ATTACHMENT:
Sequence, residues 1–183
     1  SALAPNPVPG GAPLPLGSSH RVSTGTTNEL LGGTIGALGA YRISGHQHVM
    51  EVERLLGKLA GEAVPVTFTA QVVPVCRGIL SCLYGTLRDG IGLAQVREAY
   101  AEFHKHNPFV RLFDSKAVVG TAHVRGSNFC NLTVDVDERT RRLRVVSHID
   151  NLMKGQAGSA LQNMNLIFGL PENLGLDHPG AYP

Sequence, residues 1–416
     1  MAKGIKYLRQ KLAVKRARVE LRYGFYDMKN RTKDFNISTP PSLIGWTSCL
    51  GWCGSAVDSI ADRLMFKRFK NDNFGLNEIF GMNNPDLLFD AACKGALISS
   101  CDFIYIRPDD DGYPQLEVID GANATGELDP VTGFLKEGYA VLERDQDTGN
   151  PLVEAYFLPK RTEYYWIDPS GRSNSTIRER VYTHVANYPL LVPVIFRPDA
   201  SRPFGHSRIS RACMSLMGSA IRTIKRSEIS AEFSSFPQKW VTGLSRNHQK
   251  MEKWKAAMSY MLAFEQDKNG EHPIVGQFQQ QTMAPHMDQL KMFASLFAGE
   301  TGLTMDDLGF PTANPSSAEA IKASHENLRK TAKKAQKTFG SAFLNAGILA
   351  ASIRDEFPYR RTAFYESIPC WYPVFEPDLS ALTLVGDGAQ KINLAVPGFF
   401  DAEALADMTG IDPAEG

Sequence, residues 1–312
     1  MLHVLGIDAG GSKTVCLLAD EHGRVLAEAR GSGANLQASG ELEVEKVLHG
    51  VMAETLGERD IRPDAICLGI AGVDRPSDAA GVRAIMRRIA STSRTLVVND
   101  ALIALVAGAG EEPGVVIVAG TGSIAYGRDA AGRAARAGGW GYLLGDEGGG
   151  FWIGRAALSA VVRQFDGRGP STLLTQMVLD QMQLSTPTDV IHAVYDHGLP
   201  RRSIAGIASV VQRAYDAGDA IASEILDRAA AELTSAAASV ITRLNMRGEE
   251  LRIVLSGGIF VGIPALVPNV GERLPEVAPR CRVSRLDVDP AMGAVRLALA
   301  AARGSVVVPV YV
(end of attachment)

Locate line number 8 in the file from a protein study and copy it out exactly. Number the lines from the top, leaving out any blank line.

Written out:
    51  GWCGSAVDSI ADRLMFKRFK NDNFGLNEIF GMNNPDLLFD AACKGALISS